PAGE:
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India calls for joint effort to combat piracy at seas

In 2010, the economic cost of piracy estimated $7-12 billion In 2010, the economic cost of maritime piracy on the supply chain was estimated to be $7-12 billion, said the International Chamber of Commerce (ICC) quoting the One Earth Foundation. Piracy is a concern to any industry having to navigate through the Gulf of Aden to deliver goods by water, said the ICC, a global representative body that speaks on behalf of enterprises from all sectors in every part of the world.For India, piracy is a serious issue as a large number of Indian seafarers work on board foreign ships that pass through the Somalia coast every day. In January, India voiced its concern on the increasing piracy at the United Nations, and proposed a five-point plan, including tracking the trail of ransom money, to curb piracy.The Union Minister of Shipping, Mr G.K. Vasan, at the Maritime Summit 2011 at Oslo on Tuesday too highlighted India's concerns about increasing incidents of piracy and the need for concerted unified action under the UN. Ministers from 10 other countries also participated in the Summit.Increasing attacksThe past year has witnessed an escalation in both violence and the number of attacks on ships and ...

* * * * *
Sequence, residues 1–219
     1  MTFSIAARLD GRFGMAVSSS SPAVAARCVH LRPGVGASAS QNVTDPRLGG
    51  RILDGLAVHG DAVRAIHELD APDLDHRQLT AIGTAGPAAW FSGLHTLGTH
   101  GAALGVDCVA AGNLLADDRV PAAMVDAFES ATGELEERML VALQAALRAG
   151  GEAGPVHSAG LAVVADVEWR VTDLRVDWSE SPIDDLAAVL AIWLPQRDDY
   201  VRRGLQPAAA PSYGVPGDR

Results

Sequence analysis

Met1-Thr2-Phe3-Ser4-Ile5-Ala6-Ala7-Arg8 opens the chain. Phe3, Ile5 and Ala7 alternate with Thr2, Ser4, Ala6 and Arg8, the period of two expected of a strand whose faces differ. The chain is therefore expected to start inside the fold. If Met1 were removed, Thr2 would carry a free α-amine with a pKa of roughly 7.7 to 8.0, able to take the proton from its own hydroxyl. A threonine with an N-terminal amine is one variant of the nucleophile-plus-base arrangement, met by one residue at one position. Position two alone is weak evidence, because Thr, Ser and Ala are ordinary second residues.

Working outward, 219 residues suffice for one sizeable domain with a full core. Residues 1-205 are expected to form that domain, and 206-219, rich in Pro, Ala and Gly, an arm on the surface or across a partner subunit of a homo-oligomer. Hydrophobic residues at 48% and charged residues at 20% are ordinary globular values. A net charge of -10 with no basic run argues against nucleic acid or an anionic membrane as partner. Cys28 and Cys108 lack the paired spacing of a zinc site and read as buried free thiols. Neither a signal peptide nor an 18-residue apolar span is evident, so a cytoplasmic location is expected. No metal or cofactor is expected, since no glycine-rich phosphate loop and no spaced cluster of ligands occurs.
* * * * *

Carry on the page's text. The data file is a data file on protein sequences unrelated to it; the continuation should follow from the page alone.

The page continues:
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India decided to allow armed guards on board vessels sailing on piracy waters

Crusial decision as piracy incidents increase The Indian Government has decided to allow deployment of armed guards preferably retired naval officers on board Indian cargo vessels sailing on the pirate-infested waters of the Indian Ocean, a top government official told Business Line.Detailed guidelines on the number of guards that each vessel can have will be issued shortly, he said. In the wake of rising incidents of piracy on the high seas, Indian shipping lines have been seeking government permission to deploy armed guards on board their ships.The plan is to give preference to retired naval officers, said the official who has just returned from the meeting of the Intentional Maritime Organisation (IMO) which discussed the guidelines on allowing armed guard on board the merchant ships. The Maritime Safety Committee of IMO has endorsed the use of armed guards.Draft guidelinesIn India, the proposal under consideration is to seek retired navy officers from the pool maintained by the Directorate of Resettlement under the Ministry of Defence. Each vessel can have a group of five armed personnel one officer and four others. The shipping companies have to bear the cost of hiring the guards.A draft guidelines prepared by the director general of shipping ...